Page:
NASM CES Chapter 5 Static Postural Assessments

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Static posture

How individuals physically present themselves in stance. It is reflected in the alignment of the body.

Dynamic poster

How an individual is able to maintain posture while performing functional tasks.

Myofascial

The connective tissue in and around muscles and tendons.

Muscle imbalance

Alteration in the functional relationship between pairs or groups of muscles.

Hypomobility

Restricted motion.

Lower crossed syndrome

A postural distortion syndrome characterized by an anterior tilt to the pelvis and lower extremity muscle imbalances.

Upper crossed syndrome

A postural distortion syndrome characterized by a forward head and rounded shoulders with upper-extremity muscle imbalances.

Pronation distortion syndrome

A postural distortion syndrome characterized by foot pronation and lower extremity muscle imbalances.

Foot and ankle, Knee,
Lumbo-pelvic-hip complex (LPHC),
Shoulders Head/cervical spine

Kinetic chain checkpoints

Anterior view

Foot/ankles: straight and parallel, not flattened or externally rotated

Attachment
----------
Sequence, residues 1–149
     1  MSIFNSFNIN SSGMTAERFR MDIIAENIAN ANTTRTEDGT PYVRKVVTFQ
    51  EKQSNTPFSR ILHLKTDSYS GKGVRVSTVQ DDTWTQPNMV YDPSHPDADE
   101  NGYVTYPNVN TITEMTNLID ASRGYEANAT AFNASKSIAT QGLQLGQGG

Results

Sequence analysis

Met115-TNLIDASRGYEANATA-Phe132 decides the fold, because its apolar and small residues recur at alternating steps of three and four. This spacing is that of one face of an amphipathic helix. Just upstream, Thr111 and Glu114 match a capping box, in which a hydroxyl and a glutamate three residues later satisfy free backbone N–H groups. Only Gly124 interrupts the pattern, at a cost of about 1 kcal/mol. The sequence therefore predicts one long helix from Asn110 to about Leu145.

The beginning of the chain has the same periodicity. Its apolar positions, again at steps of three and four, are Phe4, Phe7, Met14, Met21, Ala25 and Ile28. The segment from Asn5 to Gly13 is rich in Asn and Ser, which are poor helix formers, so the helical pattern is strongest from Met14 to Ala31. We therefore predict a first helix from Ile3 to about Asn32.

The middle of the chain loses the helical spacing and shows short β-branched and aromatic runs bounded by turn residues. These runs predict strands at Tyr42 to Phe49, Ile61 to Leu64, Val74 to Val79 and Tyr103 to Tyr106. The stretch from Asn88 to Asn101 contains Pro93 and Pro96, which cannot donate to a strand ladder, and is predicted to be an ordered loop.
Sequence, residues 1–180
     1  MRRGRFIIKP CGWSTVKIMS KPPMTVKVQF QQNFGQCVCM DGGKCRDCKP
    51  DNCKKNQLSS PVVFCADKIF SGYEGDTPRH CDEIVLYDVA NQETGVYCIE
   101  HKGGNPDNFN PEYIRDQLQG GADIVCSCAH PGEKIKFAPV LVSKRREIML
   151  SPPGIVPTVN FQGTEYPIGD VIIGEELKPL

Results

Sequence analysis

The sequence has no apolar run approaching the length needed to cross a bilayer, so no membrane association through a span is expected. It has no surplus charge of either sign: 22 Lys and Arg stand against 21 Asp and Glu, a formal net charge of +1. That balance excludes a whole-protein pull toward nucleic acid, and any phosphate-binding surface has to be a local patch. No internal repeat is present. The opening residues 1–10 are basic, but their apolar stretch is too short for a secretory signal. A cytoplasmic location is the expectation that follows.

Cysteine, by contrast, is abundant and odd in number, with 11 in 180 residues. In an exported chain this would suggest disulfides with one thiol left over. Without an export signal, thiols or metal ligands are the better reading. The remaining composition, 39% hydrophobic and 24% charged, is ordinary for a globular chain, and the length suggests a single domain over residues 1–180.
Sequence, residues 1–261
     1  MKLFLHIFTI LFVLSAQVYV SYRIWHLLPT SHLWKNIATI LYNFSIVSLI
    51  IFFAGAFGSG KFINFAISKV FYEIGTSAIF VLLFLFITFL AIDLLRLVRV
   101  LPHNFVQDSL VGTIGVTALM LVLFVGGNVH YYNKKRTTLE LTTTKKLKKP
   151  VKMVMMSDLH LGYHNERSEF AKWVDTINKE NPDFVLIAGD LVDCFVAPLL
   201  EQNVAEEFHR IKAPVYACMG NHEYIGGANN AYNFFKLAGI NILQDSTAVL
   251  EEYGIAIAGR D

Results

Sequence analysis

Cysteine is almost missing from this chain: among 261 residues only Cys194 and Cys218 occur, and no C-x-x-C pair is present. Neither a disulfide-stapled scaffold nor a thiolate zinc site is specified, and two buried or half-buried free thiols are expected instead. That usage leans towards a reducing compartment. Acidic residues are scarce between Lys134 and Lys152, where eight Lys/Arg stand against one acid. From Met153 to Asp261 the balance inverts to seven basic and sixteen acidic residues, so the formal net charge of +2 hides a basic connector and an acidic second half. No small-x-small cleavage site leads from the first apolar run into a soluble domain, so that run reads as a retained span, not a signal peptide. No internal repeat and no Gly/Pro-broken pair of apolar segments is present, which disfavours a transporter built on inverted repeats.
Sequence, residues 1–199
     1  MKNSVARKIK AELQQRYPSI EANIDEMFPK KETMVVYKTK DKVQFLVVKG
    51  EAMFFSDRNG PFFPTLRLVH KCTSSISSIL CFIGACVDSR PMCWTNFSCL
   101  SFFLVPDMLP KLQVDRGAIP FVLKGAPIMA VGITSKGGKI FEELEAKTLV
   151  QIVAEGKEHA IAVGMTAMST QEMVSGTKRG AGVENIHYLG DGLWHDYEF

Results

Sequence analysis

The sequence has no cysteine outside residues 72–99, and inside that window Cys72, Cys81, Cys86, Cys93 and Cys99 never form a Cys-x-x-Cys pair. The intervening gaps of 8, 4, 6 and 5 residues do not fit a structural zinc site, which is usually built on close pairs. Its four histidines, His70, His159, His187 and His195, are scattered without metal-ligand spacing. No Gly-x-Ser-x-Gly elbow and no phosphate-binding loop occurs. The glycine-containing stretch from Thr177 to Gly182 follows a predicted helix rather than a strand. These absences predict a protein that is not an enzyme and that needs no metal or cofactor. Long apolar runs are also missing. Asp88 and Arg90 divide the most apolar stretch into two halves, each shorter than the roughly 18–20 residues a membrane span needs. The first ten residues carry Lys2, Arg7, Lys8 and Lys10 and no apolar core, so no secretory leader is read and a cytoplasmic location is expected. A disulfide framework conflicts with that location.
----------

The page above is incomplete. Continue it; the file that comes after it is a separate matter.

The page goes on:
Knees: In line with toes, not adducted or abducted
LPHC:Pelvis level with both anterior superior iliac, spines in same transverse plane
Shoulders: Level, not elevated or rounded
Head: Neutral position, not tilted or rotated

Lateral view

Foot/ankle: neutral position, leg vertical at right angle to sole of foot.
Knees: neutral position, not flexed or hyperextended
LPHC: pelvis in neutral position, not anteriorly (lumbar extension) or posteriorly rotated (lumbar flexion).
Shoulders: normal kyphotic curve, not excessively rounded
Head: neutral position, not in excessive extension ("jutting" forward)

Posterior view

Foot/ankle: heels are straight and parallel, not overly pronated
Knees: neutral position, not adducted or abducted
LPHC: pelvis level with both posterior superior iliac spines in same transverse plane.
Shoulders/scapulae: level, not elevated or protracted (medial borders essentially parallel and approximately 3 to 4 inches apart)
Head: neutral position neith tilted nor rotated

Coordination

The rate of muscle recruitment and the timing of muscular contractions within the kinetic chain.

The main factors that cause postural imbalance include the following:

Habitual movement patterns
Altered movement patterns from repetitive movements.
Altered movement patterns from injury
Altered movement patterns from surgery
Altered movement patterns from incompletely rehabilitated injuries.

Janda's postural distortion syndromes:

Lower crossed syndrome
Upper crossed syndrome
Pronation distortion syndrome

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